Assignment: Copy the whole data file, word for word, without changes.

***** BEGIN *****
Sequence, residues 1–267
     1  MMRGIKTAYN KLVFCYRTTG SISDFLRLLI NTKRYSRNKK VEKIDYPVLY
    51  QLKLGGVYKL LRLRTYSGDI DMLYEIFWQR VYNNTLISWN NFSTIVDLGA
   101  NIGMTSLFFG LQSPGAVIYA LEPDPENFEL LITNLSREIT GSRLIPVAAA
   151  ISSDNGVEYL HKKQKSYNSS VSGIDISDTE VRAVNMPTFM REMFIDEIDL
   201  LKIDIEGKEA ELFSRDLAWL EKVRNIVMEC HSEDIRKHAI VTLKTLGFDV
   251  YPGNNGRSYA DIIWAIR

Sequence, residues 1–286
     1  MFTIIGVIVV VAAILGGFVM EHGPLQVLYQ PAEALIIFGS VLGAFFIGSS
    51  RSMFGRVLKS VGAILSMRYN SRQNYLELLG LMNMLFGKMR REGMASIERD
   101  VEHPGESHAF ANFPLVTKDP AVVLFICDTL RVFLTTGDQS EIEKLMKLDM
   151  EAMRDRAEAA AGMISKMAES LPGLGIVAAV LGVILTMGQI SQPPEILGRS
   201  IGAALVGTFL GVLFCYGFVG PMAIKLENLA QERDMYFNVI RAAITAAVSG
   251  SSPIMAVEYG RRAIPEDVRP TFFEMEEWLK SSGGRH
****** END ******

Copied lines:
Sequence, residues 1–267
     1  MMRGIKTAYN KLVFCYRTTG SISDFLRLLI NTKRYSRNKK VEKIDYPVLY
    51  QLKLGGVYKL LRLRTYSGDI DMLYEIFWQR VYNNTLISWN NFSTIVDLGA
   101  NIGMTSLFFG LQSPGAVIYA LEPDPENFEL LITNLSREIT GSRLIPVAAA
   151  ISSDNGVEYL HKKQKSYNSS VSGIDISDTE VRAVNMPTFM REMFIDEIDL
   201  LKIDIEGKEA ELFSRDLAWL EKVRNIVMEC HSEDIRKHAI VTLKTLGFDV
   251  YPGNNGRSYA DIIWAIR

Sequence, residues 1–286
     1  MFTIIGVIVV VAAILGGFVM EHGPLQVLYQ PAEALIIFGS VLGAFFIGSS
    51  RSMFGRVLKS VGAILSMRYN SRQNYLELLG LMNMLFGKMR REGMASIERD
   101  VEHPGESHAF ANFPLVTKDP AVVLFICDTL RVFLTTGDQS EIEKLMKLDM
   151  EAMRDRAEAA AGMISKMAES LPGLGIVAAV LGVILTMGQI SQPPEILGRS
   201  IGAALVGTFL GVLFCYGFVG PMAIKLENLA QERDMYFNVI RAAITAAVSG
   251  SSPIMAVEYG RRAIPEDVRP TFFEMEEWLK SSGGRH